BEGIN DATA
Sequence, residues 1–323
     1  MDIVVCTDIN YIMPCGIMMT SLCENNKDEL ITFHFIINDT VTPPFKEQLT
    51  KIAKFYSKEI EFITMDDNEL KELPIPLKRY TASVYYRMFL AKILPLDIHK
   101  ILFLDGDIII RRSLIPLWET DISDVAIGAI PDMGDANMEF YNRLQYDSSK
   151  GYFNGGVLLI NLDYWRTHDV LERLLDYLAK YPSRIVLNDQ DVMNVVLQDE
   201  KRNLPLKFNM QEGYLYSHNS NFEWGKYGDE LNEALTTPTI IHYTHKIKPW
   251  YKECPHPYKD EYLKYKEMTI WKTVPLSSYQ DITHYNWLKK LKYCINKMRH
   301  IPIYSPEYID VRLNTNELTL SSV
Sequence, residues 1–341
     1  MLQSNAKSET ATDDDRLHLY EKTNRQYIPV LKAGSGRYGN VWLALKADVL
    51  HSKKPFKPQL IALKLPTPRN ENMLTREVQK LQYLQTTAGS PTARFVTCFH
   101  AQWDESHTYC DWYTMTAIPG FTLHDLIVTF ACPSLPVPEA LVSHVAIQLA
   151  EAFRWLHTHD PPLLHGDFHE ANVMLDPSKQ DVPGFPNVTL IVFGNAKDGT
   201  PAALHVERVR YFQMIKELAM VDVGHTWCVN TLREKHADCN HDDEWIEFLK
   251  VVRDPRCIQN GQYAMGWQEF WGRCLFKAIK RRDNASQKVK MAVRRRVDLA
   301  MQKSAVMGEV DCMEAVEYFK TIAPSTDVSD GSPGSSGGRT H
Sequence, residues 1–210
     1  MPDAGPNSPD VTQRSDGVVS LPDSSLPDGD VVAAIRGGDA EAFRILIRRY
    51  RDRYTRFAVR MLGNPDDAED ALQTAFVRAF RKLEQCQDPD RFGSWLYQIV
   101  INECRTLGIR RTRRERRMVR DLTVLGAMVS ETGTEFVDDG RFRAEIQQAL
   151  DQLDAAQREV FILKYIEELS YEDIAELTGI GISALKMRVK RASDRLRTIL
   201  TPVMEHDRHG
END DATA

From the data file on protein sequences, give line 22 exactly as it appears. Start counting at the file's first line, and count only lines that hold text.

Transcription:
   201  TPVMEHDRHG